Although most residential roofing in the Loveland and Fort Collins area is installed using asphalt shingles, there are many other options when it comes to choosing a material for you roof. The experts at Schroeder Roofing have been installing, repairing, and replacing roofs in this area since the ‘70s, and we offer more than just the standard asphalt shingles. We also offer metal roofing options to our residential customers. Keep reading to learn the pros and cons of this roofing material.
Pros of Metal Roofing
Depending on the exact metal used, the climate within which the house sits, and the quality of the installation, a metal roof will last much longer than traditional asphalt shingles. Whereas asphalt shingles have a lifespan of up to twenty years, a metal roof can last more than three times that long assuming the material, climate, and installation quality permit it.
Weight & Durability
Metal boasts durability that asphalt shingles do not have. Unlike asphalt, metal will not crack, tear, or blow away. Despite the high durability of metal roofing, it is also comparatively lightweight. Other roofing materials, such as shingles, clay, concrete, tile, etc., can be three or even four times heavier than metal roofing.
Asphalt shingles absorb heat from sunlight throughout the day, causing temperatures to rise within the home and causing your HVAC system to work harder to keep your home at a comfortable temperature. In contrast, a metal roof will reflect much of this head rather than absorbing it, making metal roofing a great option for energy efficiency.
Cons of Metal Roofing
High Upfront Costs
Metal roofing has a much higher upfront cost than other more traditional roofing materials. For example, you could pay $5 per square foot for asphalt shingles or $10 to $15 per square foot for metal roofing materials. Many homeowners consider the upfront cost of metal roofing too expensive while others focus on the longevity of the pricier option.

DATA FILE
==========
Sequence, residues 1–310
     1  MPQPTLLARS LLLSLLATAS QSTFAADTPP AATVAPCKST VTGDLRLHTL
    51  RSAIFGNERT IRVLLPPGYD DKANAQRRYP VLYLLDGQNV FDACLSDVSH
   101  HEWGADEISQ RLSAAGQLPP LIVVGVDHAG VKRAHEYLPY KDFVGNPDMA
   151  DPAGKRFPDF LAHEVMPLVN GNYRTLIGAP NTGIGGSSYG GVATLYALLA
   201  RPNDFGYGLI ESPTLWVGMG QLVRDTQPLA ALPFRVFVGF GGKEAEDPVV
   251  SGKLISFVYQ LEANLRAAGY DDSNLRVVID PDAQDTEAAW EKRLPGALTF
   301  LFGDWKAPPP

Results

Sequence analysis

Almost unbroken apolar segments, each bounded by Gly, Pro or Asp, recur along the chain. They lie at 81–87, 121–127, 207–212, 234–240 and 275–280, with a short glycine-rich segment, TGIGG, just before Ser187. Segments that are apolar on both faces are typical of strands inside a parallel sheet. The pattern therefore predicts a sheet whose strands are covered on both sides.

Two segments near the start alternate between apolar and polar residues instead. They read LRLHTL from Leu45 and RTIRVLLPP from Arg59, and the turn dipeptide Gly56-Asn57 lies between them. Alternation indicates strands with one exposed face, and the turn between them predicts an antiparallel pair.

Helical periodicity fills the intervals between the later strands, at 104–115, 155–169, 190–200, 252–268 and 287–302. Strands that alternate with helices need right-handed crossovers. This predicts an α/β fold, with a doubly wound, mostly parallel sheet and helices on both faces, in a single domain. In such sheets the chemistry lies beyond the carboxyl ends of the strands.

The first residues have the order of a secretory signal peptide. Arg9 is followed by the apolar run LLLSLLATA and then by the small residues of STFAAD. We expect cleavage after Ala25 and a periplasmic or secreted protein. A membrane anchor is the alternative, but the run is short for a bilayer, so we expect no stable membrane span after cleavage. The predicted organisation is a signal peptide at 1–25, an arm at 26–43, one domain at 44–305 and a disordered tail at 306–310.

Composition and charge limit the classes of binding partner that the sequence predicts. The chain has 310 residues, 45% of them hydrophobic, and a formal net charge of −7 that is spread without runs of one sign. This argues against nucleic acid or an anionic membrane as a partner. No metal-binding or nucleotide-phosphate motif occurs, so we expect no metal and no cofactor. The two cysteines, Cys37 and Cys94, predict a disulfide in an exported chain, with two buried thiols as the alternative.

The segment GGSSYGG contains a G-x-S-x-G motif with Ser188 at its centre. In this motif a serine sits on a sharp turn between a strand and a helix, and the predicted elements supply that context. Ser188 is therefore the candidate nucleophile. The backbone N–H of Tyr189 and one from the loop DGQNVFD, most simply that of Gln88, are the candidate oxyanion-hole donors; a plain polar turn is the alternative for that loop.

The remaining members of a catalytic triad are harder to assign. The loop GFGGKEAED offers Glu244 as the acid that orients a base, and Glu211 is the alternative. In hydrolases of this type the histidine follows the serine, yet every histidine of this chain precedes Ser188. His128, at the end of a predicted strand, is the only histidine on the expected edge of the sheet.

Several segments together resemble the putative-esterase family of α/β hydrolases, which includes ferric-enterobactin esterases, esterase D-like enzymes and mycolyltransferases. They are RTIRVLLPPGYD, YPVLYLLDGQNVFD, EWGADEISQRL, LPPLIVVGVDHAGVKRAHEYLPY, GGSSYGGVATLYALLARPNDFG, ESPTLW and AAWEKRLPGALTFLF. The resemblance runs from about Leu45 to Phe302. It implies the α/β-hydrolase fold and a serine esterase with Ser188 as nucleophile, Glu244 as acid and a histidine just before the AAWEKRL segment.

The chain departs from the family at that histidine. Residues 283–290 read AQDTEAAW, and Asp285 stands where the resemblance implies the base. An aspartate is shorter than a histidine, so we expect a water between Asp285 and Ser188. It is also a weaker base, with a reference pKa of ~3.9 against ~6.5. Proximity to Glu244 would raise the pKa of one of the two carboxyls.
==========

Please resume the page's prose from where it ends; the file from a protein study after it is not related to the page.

Whether or not the noise of a metal roof is a disadvantage will really depend on you. Many people can’t stand the sound of rain or hail on a metal roof while others find it soothing. If you don’t think you’d be able to sleep or work in a house with a metal roof, then this is probably not the right roofing material option for you.
Dents & Rust
Although metal roofs are not susceptible to many of the damages that befall asphalt shingles, they can be prone to denting depending on the specific material. Some metal materials may also be prone to rusting. When it comes to choosing your metal roofing material, be sure to do the proper research first to choose the ideal material for your home, area, and budget.
Learn more about your metal roofing options by consulting one of the roofing specialists at Schroeder Roofing. Serving the Loveland and Fort Collins area since the ‘70s, Schroeder has the expertise and experience you deserve. Get in touch with us by calling or by contacting us online.